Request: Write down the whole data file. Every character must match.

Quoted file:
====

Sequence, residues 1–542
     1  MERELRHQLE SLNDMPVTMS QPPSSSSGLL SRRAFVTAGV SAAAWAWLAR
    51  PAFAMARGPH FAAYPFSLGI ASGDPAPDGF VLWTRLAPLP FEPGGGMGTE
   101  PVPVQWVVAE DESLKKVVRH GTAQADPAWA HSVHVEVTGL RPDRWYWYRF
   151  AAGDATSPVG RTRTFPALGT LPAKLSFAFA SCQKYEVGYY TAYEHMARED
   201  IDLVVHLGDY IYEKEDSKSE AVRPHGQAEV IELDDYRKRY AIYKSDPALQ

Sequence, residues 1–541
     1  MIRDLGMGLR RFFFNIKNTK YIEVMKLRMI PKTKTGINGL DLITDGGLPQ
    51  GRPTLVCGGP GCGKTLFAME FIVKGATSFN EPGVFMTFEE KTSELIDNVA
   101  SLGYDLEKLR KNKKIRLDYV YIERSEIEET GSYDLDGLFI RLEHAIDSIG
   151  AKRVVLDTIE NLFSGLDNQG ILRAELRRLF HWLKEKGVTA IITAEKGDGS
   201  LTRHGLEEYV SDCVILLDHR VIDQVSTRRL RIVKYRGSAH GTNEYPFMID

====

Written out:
Sequence, residues 1–542
     1  MERELRHQLE SLNDMPVTMS QPPSSSSGLL SRRAFVTAGV SAAAWAWLAR
    51  PAFAMARGPH FAAYPFSLGI ASGDPAPDGF VLWTRLAPLP FEPGGGMGTE
   101  PVPVQWVVAE DESLKKVVRH GTAQADPAWA HSVHVEVTGL RPDRWYWYRF
   151  AAGDATSPVG RTRTFPALGT LPAKLSFAFA SCQKYEVGYY TAYEHMARED
   201  IDLVVHLGDY IYEKEDSKSE AVRPHGQAEV IELDDYRKRY AIYKSDPALQ

Sequence, residues 1–541
     1  MIRDLGMGLR RFFFNIKNTK YIEVMKLRMI PKTKTGINGL DLITDGGLPQ
    51  GRPTLVCGGP GCGKTLFAME FIVKGATSFN EPGVFMTFEE KTSELIDNVA
   101  SLGYDLEKLR KNKKIRLDYV YIERSEIEET GSYDLDGLFI RLEHAIDSIG
   151  AKRVVLDTIE NLFSGLDNQG ILRAELRRLF HWLKEKGVTA IITAEKGDGS
   201  LTRHGLEEYV SDCVILLDHR VIDQVSTRRL RIVKYRGSAH GTNEYPFMID